Chalene and lizard

Position: Research Assistant
Phone: 02 9351 5608
Location: Office 207, Heydon-Laurence Building A08, University of Sydney, NSW 2006, Australia

Current Research

I joined the Shine lab in 2012 doing my Masters project with Rick Shine and Joshua Amiel looking at how invasive skinks (Lampropholis spp) perform in a maze. I was lucky enough to be employed by Rick whilst studying and have continued in my position since graduation.

As a Research Assistant I have many tasks, most of which involve assisting with the current research projects happening around the lab. I have had to opportunity to assist Melanie Elphick continue the long-term project on the evolutionary ecology of the 3-lined alpine skink (Bassiana duperreyi), visiting the Brindabella Ranges to monitor nest temperatures and collect eggs and adults for laboratory studies.

Chalene Brindies

Earlier in this year I was lucky enough to spend 3 amazing months in Kakadu National Park doing cane toad tadpole research. The main aim of the project was to assess the best method to reduce tadpole numbers in various waterbodies around the park. By reducing tadpole numbers we hope to significantly reduce cane toad numbers. This research was based on earlier work done by the Shine lab and collaborators looking at toxin cues and the attraction of these to toad tadpoles.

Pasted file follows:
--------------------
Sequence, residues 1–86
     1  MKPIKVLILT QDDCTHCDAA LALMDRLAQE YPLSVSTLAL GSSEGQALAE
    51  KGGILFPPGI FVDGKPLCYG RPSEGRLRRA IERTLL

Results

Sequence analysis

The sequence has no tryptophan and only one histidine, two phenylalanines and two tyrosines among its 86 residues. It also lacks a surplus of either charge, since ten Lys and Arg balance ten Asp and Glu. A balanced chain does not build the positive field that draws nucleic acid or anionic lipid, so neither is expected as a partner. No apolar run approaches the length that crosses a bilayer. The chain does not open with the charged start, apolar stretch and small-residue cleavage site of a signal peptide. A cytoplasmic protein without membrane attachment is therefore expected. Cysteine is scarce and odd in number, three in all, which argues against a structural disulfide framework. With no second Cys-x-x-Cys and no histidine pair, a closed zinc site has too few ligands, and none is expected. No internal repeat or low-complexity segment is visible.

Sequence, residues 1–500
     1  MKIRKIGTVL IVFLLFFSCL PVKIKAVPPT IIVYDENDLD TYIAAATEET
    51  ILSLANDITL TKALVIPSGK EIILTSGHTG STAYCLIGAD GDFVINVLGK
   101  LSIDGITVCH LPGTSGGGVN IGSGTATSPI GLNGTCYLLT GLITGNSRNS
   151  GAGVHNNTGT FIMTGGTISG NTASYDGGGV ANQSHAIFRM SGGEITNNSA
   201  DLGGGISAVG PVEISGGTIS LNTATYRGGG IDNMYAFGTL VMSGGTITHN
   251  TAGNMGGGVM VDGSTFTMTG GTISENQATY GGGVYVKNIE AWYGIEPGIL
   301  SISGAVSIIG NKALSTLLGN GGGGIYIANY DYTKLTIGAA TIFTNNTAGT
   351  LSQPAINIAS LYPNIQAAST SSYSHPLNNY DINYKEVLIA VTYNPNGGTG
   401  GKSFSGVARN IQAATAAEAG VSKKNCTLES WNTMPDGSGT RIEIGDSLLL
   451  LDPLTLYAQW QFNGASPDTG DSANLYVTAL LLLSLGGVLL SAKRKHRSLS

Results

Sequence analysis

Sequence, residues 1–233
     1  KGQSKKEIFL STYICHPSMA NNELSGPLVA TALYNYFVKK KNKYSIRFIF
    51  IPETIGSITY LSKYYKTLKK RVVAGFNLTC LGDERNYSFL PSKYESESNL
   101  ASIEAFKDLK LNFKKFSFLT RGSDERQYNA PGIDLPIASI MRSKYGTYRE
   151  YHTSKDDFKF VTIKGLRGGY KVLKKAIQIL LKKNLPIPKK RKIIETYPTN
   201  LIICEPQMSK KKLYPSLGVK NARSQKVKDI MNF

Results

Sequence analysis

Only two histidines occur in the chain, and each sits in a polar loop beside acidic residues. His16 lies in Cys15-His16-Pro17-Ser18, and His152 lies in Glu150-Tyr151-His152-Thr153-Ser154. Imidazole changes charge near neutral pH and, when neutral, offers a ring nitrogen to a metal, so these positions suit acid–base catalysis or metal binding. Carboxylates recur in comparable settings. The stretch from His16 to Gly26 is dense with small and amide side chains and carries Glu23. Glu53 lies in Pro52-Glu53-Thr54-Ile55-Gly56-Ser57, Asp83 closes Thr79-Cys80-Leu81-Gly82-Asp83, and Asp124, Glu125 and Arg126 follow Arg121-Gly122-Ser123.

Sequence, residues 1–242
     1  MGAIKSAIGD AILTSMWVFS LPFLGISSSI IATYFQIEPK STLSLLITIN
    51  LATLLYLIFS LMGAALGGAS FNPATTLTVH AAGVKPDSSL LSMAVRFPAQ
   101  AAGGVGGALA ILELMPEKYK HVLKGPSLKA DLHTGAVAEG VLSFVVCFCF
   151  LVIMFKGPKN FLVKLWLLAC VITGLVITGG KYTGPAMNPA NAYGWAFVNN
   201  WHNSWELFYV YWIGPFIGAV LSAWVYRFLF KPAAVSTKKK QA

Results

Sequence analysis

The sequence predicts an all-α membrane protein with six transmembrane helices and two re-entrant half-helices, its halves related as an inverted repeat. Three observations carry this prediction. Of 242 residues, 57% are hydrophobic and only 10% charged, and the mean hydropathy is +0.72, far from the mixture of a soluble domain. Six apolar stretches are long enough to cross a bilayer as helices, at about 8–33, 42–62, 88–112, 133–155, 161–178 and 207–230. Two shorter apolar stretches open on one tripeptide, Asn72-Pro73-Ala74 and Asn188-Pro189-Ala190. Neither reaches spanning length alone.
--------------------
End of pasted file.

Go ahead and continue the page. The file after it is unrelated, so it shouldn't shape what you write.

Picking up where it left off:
Chalene in Kakadu


# Publication
1. Gaby MJ, Besson AA, Bezzina C, Cosgrove S, Caldwell AJ, Haresnape S, Cree A, Hare KM (2011) Thermal dependence of locomotor performance in two cool-temperate lizards. Journal of Comparative Physiology 197:869-875.
2. Elphick MJ, Pike DA, Bezzina C, Shine R (2013) Cues for communal egg-laying in lizards (Bassiana duperreyi, Scincidae).  Biological Journal of the Linnean Society: in press.
Chalene and python